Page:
The president next door: the lives of world leaders

    Francois Hollande is far from a cookie-cutter politician. Never married, the newly inaugurated president of France shared a 30-year partnership with fellow Socialist politician Segolene Royal. The couple had four children, but separated after Royal’s failed 2007 presidential campaign.

    Now Hollande is partners with Valerie Trierweiler, a French journalist who’s twice divorced and the mother of three children, the first French first lady not to be married to the president. She is working to redefine the role of France’s First Lady, a position historically defined by privacy and quiet.

    While the United States has had its share of intriguing, if not quirky, presidents, looking at the complicated marital and familial histories of Hollande and Trierweiler from an American perspective highlights the importance of image in the American presidential election.

    The fact of the matter is that in the United States, more than any other country, presidential candidates are evaluated based their romantic lives.

    Historically, men in their marriages do the best out in presidential elections. Out of 44 of the United States presidents, only two unmarried men were elected: James Buchanan in 1857 and Grover Cleveland in 1892, who would be wed in the White House in 1896. Buchanan on the other hand broke off an engagement to the wealthy daughter of a Philadelphia judge in 1819 and many historians hypothesize that Buchanan was gay, although he never openly admitted it. 

    Six presidents had more than one wife in their lives, but only one of those presidents, Ronald Reagan, saw a marriage end in divorce. Even so, Reagan was already married to Nancy Reagan (nee Davis) for 28 years before being elected in 1980.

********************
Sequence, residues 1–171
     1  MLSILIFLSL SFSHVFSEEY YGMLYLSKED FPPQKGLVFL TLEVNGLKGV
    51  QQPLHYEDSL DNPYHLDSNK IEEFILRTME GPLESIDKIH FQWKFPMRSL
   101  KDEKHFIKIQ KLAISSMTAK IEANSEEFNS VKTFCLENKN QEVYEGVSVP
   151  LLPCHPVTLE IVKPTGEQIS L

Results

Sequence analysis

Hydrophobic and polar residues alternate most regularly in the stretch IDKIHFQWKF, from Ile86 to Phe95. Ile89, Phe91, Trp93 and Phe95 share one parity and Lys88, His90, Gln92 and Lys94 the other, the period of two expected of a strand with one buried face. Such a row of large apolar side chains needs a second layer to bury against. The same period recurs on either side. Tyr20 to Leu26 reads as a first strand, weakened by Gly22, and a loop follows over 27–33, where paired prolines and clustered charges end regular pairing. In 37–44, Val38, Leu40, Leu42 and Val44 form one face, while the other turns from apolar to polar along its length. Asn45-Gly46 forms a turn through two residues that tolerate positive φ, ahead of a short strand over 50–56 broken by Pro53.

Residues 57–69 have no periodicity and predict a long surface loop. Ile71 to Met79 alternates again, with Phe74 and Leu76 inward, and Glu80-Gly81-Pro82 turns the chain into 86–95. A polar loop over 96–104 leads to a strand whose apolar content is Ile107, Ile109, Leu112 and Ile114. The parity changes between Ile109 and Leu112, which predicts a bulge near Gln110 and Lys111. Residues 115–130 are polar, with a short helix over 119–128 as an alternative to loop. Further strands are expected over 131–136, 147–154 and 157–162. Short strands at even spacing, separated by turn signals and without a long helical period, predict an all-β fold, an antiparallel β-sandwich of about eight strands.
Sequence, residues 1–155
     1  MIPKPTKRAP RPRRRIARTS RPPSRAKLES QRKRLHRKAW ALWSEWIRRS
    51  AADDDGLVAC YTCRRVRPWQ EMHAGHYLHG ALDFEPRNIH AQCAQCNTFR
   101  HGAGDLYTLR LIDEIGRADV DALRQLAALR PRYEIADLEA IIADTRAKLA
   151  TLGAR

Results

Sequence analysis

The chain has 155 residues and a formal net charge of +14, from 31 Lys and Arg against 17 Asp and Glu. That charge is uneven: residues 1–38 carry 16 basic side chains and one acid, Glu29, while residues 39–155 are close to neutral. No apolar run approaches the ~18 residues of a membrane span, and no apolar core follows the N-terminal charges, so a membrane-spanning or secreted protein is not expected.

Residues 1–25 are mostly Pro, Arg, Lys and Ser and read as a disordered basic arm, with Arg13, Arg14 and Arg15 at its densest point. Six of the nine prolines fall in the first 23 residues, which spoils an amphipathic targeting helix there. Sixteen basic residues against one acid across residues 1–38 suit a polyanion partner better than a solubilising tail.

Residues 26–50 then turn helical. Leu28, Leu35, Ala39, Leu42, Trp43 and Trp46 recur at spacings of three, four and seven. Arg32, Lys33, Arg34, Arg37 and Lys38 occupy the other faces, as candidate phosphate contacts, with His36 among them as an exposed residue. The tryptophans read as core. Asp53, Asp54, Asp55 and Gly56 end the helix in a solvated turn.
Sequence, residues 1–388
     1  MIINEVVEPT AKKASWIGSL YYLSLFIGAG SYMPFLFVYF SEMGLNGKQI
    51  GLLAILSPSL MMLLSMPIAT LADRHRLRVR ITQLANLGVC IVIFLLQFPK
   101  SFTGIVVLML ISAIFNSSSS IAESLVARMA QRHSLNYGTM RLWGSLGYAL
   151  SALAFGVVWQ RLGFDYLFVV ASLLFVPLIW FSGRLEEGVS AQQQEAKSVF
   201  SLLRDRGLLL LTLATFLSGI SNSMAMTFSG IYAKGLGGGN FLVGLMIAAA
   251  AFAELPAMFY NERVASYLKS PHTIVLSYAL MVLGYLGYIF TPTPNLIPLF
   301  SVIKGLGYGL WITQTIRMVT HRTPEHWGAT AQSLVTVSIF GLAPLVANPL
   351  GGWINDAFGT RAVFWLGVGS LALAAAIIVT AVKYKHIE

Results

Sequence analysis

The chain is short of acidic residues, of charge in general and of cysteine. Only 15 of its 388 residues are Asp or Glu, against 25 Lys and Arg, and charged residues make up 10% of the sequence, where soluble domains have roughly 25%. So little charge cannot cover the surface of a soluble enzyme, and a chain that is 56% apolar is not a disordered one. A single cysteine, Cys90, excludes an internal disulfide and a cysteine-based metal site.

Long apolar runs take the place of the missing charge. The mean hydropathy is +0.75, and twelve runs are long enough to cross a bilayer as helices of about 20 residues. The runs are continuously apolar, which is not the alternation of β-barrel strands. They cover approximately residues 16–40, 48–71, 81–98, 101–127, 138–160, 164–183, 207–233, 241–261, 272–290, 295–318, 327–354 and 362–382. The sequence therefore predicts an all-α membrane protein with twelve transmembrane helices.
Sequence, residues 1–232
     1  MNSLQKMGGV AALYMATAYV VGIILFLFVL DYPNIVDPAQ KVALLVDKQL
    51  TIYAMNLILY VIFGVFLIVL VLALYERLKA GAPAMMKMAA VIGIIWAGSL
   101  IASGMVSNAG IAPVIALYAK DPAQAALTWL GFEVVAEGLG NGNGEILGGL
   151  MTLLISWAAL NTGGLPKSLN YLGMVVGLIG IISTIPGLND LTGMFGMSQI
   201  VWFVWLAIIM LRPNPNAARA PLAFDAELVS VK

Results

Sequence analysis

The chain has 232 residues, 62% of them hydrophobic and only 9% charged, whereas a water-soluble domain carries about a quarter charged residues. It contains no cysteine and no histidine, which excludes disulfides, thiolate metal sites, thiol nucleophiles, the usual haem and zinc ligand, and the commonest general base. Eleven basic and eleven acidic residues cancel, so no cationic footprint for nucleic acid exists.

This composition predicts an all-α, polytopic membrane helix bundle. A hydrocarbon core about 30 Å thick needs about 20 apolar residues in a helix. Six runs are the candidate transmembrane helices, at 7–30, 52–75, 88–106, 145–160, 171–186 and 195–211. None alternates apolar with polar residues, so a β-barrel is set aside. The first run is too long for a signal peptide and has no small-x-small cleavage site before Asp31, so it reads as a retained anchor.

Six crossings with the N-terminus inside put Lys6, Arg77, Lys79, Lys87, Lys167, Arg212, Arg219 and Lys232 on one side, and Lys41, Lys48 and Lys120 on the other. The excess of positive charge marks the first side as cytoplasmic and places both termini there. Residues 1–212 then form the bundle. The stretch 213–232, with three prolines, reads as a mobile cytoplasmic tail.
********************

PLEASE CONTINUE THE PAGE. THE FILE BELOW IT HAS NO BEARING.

This standard also has several modern manifestations. While John Edwards had already lost the Democratic presidential nomination to Barack Obama in 2008, allegations of Edward’s extramarital affair with Riele Hunter derailed his political career, let alone his vice presidential candidacy. And in the 2012 Republican primary, Newt Gingrich’s martial indiscretions and misconduct handicapped his presidential campaign in an election season defined in part by Republican emphasis on good, often Christian, values. 

    While Hollande’s election seems like the antithesis on anything that would happen stateside, Trierweiler’s role in her partner’s victory draws parallels to the role of the American first lady.

    Trierweiler was the driving force behind Hollande’s campaign in almost every way, from actually convincing him to run for president to coaxing him to lose weight and update his wardrobe to make himself look more presidential. She is also drawing comparisons to Michelle Obama and Hillary Clinton, which shows that while a prototypically American image consciousness is not the defining factor in a French presidential campaign, American influences can be found in Hollande's victory.

    It’s hard to predict if Hollande’s election will lessen the importance of marital status in American presidential campaigns, but if France’s political paradigm shows semblances of American influence, who’s to say that a more relaxed standard won’t find its way into the American conscious?


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